Ever since the US President’s controversial proposal to gain exclusive access to the promising vaccine that is being manufactured by CureVac, or to acquire the entire company, public debate has shifted without fanfare to the German Foreign Trade and Payments Act in response to the clear demands for a means of putting a stop to Donald Trump’s advances.
The German government’s only option to deal with this issue is within the framework of the Foreign Trade and Payments Act reform, which was already on the agenda. The EU Screening Regulation entered into force in April 2019. It envisages EU-wide collaboration and minimum standards for investment screening and has to be translated into national law by October 2020.
In the cabinet meeting of 8 April the German government approved a draft amendment to the German Foreign Trade and Payments Act. The parliamentary process is expected to conclude swiftly and without much debate so that the amendments can enter into force in the very near future.
The amended Foreign Trade and Payments Act will be associated with some fundamental changes in addition to the introduction of the new EU-wide foreign investment screening cooperation mechanism.
- The screening mechanism in the Member States will be extended to ensure that in addition to being vetoed on the grounds that they pose a “tangible threat” to security and public order, foreign investments can also be vetoed at a much earlier stage in the process if they are deemed “likely to affect security or public order”.
- Corporate acquisitions (10% threshold) will be prevented from completion and even the transaction imposing an obligation under the law of obligations will be declared invalid ex lege. Measures to ensure the economic influence of the acquirer in the pending phase are explicitly prohibited.
- It will also be prohibited to share significant information which is deemed to be confidential by the German Foreign Trade and Payments Act with the potential purchaser before the transaction is approved.
- The subsequent amendment of the German Foreign Trade and Payments Ordinance will significantly extend the catalogue of acquisitions subject to reporting and screening requirements.
The previous catalogue primarily included critical infrastructure acquisitions in the telecommunications and energy sectors, for example. The extended catalogue of acquisitions subject to reporting requirements was to have additionally included artificial intelligence, robotics, semiconductors, biotechnology and quantum technology. However, in light of COVID-19 it is now expected to explicitly list vaccines and medical products in order to establish clear guidance on sectors with strategic significance for the pandemic.
Although unambiguity is desirable, particularly with regard to the extended catalogue of strategically significant sectors of industry, and despite the importance of EU-wide collaboration in the prohibition of acquisitions by non-EU investors, the amendments to the German Foreign Trade and Payments Act also introduce a number of stumbling blocks in M&A processes.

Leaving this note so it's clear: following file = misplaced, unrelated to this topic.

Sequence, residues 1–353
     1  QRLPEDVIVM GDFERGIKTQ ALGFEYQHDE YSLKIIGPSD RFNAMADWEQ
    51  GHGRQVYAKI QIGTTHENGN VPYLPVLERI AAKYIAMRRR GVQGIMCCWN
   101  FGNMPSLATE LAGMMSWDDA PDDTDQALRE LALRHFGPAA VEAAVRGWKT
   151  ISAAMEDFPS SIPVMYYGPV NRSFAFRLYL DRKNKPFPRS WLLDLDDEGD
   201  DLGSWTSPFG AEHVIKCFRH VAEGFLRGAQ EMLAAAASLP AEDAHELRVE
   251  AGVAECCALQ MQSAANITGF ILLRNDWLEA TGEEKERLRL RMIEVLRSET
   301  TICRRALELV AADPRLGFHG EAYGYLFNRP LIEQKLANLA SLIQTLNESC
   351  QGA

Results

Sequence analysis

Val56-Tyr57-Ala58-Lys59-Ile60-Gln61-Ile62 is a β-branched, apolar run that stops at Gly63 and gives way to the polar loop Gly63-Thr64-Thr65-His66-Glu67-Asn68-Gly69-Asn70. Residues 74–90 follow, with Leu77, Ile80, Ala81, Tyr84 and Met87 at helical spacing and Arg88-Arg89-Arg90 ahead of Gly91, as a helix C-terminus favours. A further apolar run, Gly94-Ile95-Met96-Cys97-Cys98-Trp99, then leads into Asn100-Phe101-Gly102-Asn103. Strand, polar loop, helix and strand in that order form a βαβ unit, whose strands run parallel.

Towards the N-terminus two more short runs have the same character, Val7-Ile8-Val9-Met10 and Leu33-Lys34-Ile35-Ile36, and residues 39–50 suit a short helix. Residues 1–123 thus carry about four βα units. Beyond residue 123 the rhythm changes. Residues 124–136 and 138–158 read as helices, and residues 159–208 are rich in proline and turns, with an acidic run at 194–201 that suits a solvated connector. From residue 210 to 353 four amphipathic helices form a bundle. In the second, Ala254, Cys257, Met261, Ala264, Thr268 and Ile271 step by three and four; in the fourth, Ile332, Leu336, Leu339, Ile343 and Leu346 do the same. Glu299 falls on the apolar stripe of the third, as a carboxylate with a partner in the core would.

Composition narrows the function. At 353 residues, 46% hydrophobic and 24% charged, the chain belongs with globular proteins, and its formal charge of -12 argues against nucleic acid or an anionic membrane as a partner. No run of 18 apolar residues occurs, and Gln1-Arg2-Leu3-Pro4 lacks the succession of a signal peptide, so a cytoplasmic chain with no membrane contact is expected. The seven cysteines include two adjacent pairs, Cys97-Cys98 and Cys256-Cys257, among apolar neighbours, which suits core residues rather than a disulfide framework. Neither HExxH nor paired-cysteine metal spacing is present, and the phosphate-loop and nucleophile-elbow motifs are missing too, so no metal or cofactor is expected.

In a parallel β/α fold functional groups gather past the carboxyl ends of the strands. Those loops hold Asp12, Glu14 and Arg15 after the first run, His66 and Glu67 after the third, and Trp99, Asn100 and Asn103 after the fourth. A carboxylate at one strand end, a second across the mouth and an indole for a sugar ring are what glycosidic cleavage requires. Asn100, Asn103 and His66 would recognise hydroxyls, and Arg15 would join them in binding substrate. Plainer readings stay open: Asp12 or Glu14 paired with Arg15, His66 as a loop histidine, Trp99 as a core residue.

It is naturally to be hoped that a promising candidate for the COVID-19 vaccine we so urgently need will not be lost to the United States. On the other hand it is important to remember that the majority of venture capital investments – and vaccine development is dependent on the availability of significant amounts of venture capital, either on the company’s own balance sheet or in the form of investments from financially powerful external investors – still come to Europe from other countries, especially the USA. The extension of the Foreign Trade and Payments Act’s scope of application, together with a new lower intervention threshold, should not have the effect of impeding these investments until such a time when Europe’s venture capital sector is up to strength. As a footnote, Brexit could mean that investments from the UK are viewed as “non-EU”, which would result in similar obstacles.
The elimination of regulatory loopholes that render non-approved legal transactions subject to the law of obligations void, supported by flanking prohibitions preventing pre-transaction influence on the target enterprise, are necessary so that the law has the necessary ‘clout’. However, the prohibition of disclosing significant information to the potential purchaser before the transaction is approved could turn out to be an obstacle. It is hard to imagine PE transactions in the aforementioned sectors – e.g. transactions involving vaccine manufacturing companies – in which the non-EU purchaser invests in the company’s equity without having received any significant information about the strategically important asset, the vaccine. The purchase price, an essentialia negotii, can hardly be established if the purchaser is denied information about the vaccine’s action and standard of protection. The outcome of a due diligence process will also have to be anticipated and possibly even repeated after the approval of the transaction in accordance with the Foreign Trade and Payments Act. It remains to be seen whether the market is this flexible. All the uncertainty could also make European targets less attractive to foreign investors.
The reforms that have been set in motion will extend the scope of the Foreign Trade and Payments Act. As a result, the approval requirement will be a consideration in a substantially higher number of investment scenarios and the M&A processes will have to be structured differently to ensure successful transaction outcomes. The timely involvement of foreign trade experts in the process is advisable. At the moment, however, we can safely say that Donald Trump’s attempts to take over CureVac will be thwarted not only by the company’s shareholders, but also by a sharp legislative sword.